Gui Layer Secrets

Mike Dailly
24th August 2018

The GUI layer is a powerful beast, and you can do all kinds of cool things with it, but it's also one of the most misunderstood things in GameMaker. With the recent changes to it in the 2.1.5 update, I thought it would be a good idea to go back over the basics, and explain some of the more advanced features it has....

Before we start, lets chat about the GUI layer, the events and what they let you do. The GUI layer was first added back in days of GM8.1 - a long time ago now - and it was added because developers were having to counteract scrolling and zooming in their views in order to display the on screen UI (things like scores, items, messages etc..). This was pretty nasty and depending on the game could make putting a sprite at a fixed point in space at a specific size, a real headache for developers.

With all this in mind, we introduced the GUI layer so that you could draw at a fixed size and location without having to worry about what your game views were doing. You could now scroll, zoom, and even rotate, to your hearts content, and still print text with a single line to the screen at the size you wanted. The GUI layer was also at a different resolution from the main game, as we realised that developers may want to have a hires UI, but a lowres game. If you think about some RPG style games, they want the game art to be in a certain style and resolution - possibly for a retro feel - but still have a nice hires UI for items, mana, spells, scores and all the rest of it. So we allowed you to specify what resolution you wanted.

So, now you know the reasoning behind it, let's discuss some GUI layer basics. As of version 2.1.5, the GUI layer sizes itself to be the same as the application surface, and this is mostly good news for everyone. This means when you create a game - no matter what resolution you pick; 320x200, 1920x1080, 64x64 or whatever - your GUI will match that pixel size, There are a few exceptions to this, which I'll discuss later, but for now let's consider these 2 images which we'll be using as sprites in our test project:




The first image above, we'll place in a room that is 320x200 in size, and the second image we'll draw in the GUI layer using the Draw Gui event. If we then run this, we'll get the image below:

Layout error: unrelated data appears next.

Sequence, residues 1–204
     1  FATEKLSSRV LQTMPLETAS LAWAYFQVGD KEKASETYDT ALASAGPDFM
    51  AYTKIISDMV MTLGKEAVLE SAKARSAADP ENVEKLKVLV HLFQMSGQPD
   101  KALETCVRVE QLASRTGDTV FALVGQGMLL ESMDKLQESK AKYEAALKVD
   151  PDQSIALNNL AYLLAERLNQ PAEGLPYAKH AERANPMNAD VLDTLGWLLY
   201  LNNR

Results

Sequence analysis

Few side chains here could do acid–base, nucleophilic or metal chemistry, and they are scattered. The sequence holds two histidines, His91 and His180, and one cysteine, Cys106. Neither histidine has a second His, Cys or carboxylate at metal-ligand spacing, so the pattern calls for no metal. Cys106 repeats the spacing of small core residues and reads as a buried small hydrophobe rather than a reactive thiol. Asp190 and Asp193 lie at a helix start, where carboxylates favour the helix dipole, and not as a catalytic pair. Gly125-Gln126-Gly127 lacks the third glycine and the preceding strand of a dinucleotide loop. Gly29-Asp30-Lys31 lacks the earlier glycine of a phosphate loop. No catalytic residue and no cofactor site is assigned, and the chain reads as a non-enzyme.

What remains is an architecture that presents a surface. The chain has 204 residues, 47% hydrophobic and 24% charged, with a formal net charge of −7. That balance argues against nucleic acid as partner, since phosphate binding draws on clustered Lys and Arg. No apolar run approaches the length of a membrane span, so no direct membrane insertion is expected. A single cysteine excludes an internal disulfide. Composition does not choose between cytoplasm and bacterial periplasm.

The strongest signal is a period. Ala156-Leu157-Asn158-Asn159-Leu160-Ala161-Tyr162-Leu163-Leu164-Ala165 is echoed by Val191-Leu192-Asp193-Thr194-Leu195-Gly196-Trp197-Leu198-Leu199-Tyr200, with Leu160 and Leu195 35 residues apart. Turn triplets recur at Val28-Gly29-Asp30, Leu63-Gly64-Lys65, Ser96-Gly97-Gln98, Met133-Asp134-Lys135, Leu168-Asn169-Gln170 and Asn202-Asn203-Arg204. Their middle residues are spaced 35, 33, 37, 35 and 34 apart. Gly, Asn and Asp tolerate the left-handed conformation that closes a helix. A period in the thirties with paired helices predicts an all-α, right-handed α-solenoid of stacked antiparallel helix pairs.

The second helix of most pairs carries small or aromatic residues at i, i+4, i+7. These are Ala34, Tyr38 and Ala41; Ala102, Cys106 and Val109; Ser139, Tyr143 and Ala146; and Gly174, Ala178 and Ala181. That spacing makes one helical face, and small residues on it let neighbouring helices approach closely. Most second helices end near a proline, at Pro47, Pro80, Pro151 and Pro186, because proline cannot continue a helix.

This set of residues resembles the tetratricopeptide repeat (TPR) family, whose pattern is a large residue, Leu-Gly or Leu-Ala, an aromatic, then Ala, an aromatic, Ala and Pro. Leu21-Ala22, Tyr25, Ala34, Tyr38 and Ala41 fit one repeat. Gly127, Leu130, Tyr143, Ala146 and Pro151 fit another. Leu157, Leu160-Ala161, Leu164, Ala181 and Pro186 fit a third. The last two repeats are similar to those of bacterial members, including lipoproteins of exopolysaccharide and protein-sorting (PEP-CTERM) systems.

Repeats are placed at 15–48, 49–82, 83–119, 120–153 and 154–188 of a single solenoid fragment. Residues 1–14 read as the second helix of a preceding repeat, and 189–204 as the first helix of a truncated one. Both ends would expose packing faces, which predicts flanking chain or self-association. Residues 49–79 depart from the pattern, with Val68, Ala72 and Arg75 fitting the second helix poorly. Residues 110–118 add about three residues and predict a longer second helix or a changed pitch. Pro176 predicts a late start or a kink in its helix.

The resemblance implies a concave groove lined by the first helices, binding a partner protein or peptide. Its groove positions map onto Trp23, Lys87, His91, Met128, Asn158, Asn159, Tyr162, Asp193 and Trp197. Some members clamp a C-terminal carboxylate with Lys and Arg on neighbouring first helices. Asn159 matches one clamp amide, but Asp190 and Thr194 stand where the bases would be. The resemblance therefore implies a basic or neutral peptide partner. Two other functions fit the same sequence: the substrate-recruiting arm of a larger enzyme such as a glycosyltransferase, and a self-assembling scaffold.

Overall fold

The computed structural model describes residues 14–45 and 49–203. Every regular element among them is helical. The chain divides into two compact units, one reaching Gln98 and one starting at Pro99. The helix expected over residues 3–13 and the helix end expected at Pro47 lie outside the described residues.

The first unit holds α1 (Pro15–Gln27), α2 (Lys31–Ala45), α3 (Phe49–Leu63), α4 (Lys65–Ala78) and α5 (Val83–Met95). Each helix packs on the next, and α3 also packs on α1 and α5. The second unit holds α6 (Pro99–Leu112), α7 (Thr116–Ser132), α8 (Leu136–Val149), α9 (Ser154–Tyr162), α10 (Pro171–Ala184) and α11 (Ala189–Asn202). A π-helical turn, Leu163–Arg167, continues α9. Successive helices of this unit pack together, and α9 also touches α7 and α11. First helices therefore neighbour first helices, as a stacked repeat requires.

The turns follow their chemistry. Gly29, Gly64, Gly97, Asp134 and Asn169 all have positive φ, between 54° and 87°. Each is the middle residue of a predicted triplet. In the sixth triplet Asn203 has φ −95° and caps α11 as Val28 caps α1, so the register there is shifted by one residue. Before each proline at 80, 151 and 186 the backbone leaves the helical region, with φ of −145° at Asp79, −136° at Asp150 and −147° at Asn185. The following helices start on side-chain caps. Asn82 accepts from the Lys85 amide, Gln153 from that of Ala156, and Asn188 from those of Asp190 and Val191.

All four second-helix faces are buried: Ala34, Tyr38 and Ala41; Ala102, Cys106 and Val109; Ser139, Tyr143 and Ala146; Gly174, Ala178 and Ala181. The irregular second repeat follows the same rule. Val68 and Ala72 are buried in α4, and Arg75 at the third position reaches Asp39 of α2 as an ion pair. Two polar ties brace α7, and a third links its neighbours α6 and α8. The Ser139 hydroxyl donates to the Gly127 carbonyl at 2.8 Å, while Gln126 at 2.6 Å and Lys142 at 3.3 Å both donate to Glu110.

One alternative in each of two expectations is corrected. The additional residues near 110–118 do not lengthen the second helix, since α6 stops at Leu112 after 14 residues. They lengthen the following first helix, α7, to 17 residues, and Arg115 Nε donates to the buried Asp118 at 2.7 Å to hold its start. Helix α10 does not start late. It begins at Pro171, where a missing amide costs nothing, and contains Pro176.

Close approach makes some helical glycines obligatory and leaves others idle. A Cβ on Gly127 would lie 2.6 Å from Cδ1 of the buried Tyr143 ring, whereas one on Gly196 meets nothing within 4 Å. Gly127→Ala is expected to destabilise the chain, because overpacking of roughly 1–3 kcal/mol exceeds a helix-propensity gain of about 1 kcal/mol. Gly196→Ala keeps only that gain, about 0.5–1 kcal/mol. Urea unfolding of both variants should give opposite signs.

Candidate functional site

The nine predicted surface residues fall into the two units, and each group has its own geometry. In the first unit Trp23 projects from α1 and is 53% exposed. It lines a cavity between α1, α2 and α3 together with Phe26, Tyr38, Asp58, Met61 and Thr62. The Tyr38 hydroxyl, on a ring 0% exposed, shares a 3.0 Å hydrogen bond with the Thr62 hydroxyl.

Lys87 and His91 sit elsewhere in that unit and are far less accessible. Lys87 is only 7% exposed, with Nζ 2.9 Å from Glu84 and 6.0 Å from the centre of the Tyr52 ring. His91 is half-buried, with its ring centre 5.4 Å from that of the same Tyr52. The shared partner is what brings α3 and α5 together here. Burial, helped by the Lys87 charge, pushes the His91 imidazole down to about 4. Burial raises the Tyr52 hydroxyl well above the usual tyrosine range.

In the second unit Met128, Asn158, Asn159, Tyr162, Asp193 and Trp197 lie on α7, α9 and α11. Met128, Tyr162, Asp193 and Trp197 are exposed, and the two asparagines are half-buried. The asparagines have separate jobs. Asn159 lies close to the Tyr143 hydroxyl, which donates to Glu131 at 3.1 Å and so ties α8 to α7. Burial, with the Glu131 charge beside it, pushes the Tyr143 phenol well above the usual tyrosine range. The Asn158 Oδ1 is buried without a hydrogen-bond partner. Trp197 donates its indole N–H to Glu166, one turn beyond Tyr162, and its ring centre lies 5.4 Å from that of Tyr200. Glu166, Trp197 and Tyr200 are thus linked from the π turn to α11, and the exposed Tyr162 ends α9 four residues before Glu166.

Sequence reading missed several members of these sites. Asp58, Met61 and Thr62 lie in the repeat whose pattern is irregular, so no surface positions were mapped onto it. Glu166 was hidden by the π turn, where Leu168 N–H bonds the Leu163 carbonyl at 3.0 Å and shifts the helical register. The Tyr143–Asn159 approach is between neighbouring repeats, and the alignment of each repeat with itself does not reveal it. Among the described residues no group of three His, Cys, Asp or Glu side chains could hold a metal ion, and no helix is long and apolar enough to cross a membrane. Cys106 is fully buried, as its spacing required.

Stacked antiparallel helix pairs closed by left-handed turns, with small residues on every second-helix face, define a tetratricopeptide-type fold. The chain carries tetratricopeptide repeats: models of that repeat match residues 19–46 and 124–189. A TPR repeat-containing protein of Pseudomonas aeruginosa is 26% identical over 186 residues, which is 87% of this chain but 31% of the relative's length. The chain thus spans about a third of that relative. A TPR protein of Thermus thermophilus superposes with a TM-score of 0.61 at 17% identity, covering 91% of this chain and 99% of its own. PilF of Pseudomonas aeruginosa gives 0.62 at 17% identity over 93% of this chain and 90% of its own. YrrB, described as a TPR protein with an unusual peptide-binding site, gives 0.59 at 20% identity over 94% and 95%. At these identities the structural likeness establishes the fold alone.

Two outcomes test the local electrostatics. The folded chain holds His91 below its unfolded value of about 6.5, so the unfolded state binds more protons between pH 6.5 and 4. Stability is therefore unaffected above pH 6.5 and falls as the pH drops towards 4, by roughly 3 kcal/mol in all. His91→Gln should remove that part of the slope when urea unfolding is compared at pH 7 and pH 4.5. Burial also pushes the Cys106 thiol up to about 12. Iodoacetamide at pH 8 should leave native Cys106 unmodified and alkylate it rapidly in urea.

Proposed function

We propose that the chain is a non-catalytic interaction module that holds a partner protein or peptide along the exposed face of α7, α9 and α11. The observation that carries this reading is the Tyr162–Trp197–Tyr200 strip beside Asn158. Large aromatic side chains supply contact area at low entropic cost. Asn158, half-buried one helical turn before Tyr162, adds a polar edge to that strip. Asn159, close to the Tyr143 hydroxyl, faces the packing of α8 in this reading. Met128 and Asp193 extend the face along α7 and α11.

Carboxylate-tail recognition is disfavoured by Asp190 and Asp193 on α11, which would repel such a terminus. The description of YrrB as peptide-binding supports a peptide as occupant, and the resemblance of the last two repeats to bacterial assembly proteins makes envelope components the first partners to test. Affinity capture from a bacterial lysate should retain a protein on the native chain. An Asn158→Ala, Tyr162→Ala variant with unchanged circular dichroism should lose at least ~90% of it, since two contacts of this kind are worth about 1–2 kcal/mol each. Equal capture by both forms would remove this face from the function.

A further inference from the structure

Now, this shows exactly what we'd expect. The GUI layer has it's "pixel" size set to the same as the application_surface, which itself is set to the size of the view port (which in this case, happens to be the size of the room). If we scale this window, then things start to change... This is because the initial GUI layout allows you to adapt your UI to a changing amount of screen/window space available. This means in that an RPG (for example) you can have that hires display to show more of the game, moving the UI around to free up more screen space. This is actually quite desirable in lots of games, particularly on a PC, as the user usually has a lot of space to play with, and this lets them see more of the game, and less of the UI.


As you can see from this image, I've doubled the size of the window by stretching it up at the corner (this requires enabling Allow window resize in the Graphics option of the Windows Game Options), and the UI has stayed in the top left of the window. This means that I'll have to move UI elements around to better fit. You do this (usually) by binding elements to an edge of the screen, so as the window changes size, you draw from the right-hand edge using an offset value like the width of your sprite, or from the bottom edge with an offset the height of your sprite. This lets you free up space in the middle so the user can see more of the game, and less UI is getting in the way.

NOTE: The manual has a list of GUI specific functions that can help when offsetting images on the GUI layer.

So what if you don't want that, and just want to layout the UI on the GUI layer so that it always appears in the same place, and the same size? Well this is pretty easy too. display_set_gui_size lets you do just that:


Simply calling this function with the size you want to set your GUI to will then tell GameMaker to maintain this size even when the window (or display) changes size, as illustrated in the following image:


You'll notice 2 things here: First the size and aspect ratio are correct, and second, it doesn't match pixel-perfectly. There are some (very slight) offset pixels, particularly noticeable around the red square, where a little green from the background isn't quite matching up. This shouldn't be a huge shock to you, as both displays are setup using entirely different processes and matrices, and the maths just comes out with very small fractional differences. For an on screen display, however, this isn't a big issue, but it's worth remembering - especially if you're trying to do an effect to mask the game using the GUI layer.

For most people, this is all you'll need - set the GUI display size and then forget about it. But there is more power here if you want to use it. Lets remove the GUI size function and increase the VIEW PORT size. To do this, we add some views to our room like this:


When we now run the project, we get the image below...


Now, just like when we resized the game window, the GUI size now no longer matches the game scale. As mentioned previously, this is because the GUI is set to the size of the application_surface at the start or the game - or rather, what the app surface should start at, which in this case is x3 the size of the room. The reason the app surface isn't 320x200 anymore, but the size of the view port (960x600) is that you could have multiple view ports active here, meaning we need the resolution to display each view correctly. Also, each view port could be a different size/scale, but as the window size sets the actual number of pixels we have, the application_surface is set to the overall size of the display. This size is based on the bounding box of ALL active views ports in the first room.